There was some controversy amongst the shows writing staff when the episode was in production. There were differing opinions among the writers because some thought it was too "large" of in idea, that someone like Homer would go into space.[4] Several writers were concerned, including Matt Groening particularly was concerned and felt that the idea was so big that it gave the writers "nowhere to go". As a result, every single aspect of the show was worked on hard to make it work. Several silly gags were toned down and done more realistically, for example, an original idea was that everyone at NASA was as stupid as Homer.[5] James L. Brooks was supportive of the idea. One of the main things that became a focus was the relationship between Homer and his family and Homer trying to be a hero.[4] James L. Brooks (born May 9, 1940) is a three-time Academy Award, nineteen-time Emmy and Golden Globe-winning American producer, writer, and film director. ...


Buzz Aldrin and James Taylor both guest star as themselves in this episode. Some of the writers were concerned about Aldrin's line "second comes right after first" and felt it was too insulting. An alternative line was written, "first to take a soil sample", but Aldrin had no problem with saying the original line.[4] James Taylor's version of "Fire and Rain" was recorded specifically for the episode and contains some altered lyrics. Taylor's original recording session was included as an extra on the DVD.[4] Colonel Buzz Aldrin, Sc. ... James Vernon Taylor (born March 12, 1948) is an American singer-songwriter and guitarist, born in Belmont, Massachusetts. ... Fire and Rain was the breakout single released in February 1970 by singer-songwriter James Taylor. ...


Although the episode was directed by Carlos Baeza, the potato chip sequence was directed by David Silverman. Some computer animation was used in the sequence in order to make the potato chip rotation as smooth as possible.[6] Carlos Baeza is an animation director. ...


Cultural references

Homer as the "Star Child"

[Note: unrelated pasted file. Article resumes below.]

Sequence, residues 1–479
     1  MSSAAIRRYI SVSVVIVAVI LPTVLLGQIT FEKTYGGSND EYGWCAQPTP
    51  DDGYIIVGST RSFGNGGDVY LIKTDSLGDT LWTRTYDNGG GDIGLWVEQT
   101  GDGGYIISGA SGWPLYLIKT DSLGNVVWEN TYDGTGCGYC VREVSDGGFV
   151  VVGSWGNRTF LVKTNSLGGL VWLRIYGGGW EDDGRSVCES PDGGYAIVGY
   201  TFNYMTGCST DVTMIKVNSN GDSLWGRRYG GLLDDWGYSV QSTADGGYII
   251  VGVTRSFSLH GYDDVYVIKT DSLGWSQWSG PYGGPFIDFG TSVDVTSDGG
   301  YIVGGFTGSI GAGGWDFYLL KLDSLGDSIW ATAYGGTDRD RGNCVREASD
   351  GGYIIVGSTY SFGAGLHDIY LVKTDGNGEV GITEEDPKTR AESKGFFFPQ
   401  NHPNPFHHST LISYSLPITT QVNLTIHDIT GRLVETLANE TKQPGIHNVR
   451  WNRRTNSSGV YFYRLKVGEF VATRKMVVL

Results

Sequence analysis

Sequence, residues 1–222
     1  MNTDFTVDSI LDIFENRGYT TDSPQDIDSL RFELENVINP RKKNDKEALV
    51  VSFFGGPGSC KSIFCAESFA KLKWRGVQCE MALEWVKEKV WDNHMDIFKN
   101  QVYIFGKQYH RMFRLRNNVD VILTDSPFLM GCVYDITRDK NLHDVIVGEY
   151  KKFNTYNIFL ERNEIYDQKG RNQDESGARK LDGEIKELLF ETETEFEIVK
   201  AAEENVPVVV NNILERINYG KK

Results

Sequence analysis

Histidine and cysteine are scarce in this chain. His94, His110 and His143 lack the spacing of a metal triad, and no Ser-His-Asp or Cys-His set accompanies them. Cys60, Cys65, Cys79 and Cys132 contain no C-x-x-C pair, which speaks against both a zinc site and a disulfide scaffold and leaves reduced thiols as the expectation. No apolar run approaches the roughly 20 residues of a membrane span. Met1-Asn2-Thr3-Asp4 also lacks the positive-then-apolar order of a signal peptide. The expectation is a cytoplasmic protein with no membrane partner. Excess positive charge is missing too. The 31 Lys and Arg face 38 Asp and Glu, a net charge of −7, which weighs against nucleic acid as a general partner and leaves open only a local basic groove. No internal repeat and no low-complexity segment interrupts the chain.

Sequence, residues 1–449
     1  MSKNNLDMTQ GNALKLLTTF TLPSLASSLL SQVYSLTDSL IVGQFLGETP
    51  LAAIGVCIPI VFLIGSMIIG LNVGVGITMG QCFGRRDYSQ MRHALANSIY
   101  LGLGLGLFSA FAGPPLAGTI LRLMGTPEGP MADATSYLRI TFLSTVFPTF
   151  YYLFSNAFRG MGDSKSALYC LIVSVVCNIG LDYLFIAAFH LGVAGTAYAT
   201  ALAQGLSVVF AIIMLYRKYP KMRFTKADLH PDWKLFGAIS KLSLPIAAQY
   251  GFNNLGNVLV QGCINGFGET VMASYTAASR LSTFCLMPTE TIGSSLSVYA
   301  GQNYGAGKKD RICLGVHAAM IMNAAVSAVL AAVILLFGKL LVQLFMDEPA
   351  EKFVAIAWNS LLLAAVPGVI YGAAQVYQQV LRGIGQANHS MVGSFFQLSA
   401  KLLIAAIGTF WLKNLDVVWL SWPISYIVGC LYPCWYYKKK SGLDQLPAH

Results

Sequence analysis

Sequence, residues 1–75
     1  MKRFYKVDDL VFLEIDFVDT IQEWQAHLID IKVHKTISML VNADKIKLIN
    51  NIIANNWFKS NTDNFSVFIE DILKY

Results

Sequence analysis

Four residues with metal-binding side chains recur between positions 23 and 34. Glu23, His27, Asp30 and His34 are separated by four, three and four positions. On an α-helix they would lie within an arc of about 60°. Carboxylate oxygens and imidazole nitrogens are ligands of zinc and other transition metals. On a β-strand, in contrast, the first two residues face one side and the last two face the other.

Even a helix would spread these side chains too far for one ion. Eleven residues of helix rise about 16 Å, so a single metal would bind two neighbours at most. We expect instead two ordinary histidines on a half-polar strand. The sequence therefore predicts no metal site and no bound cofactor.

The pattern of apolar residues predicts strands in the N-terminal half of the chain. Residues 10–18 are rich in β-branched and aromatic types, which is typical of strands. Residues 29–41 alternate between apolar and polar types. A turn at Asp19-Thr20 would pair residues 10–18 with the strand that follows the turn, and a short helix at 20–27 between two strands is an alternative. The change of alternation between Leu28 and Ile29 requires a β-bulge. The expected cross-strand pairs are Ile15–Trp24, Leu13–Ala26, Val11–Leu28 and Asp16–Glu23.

The two blue collar TV shows the people at NASA watch are Home Improvement and Married... with Children.[1] In the scene where the family arrives at Cape Canaveral, the car is a parody of The Beverly Hillbillies, with Marge sitting in Granny's position.[4] Homer and Barney's duel is a reference to the classic Star Trek episode "The Gamesters of Triskelion", complete with one of Star Trek's fight themes (originally from the episode "Amok Time") and the NASA administrators betting on the combatants in "quatloos".[1] Homer running while lying on the floor and trying to read the back of his head is an homage to the Three Stooges. The TV anchor is a parody of Tom Brokaw, and is voiced by Harry Shearer. A lot of words containing the letter L were intentionally written into the dialogue because the writers "enjoy the way Tom says them."[4] Image File history File links Deep_Space_Homer1f13. ... Image File history File links Deep_Space_Homer1f13. ... A blue-collar worker is a member of the working class who performs manual labor and earns an hourly wage. ... This article is about the television series. ... Married… with Children was a long-running American sitcom about a dysfunctional family living in Chicago. ... For the 1993 film, see The Beverly Hillbillies (film) The Beverly Hillbillies was an American television program about a hillbilly family transplanted in Southern California. ... The starship Enterprise as it appeared on Star Trek Star Trek is a culturally significant science fiction television series created by Gene Roddenberry in the 1960s. ... The Gamesters of Triskelion is a second season episode of Star Trek: The Original Series, first broadcast January 5, 1968 and repeated May 3, 1968. ... Amok Time is an episode of Star Trek: The Original Series. ... The Three Stooges were an American vaudeville and comedy act of the mid 20th century best known for their numerous short subject films. ... Thomas John Brokaw (born February 6, 1940 in Webster, South Dakota) is a popular American television journalist, Previously working on regularly scheduled news documentaries for the NBC television network, and is the former NBC News anchorman and managing editor of the program NBC Nightly News with Tom Brokaw. ... Harry Julius Shearer (born December 23, 1943) is an American comedic actor and writer. ...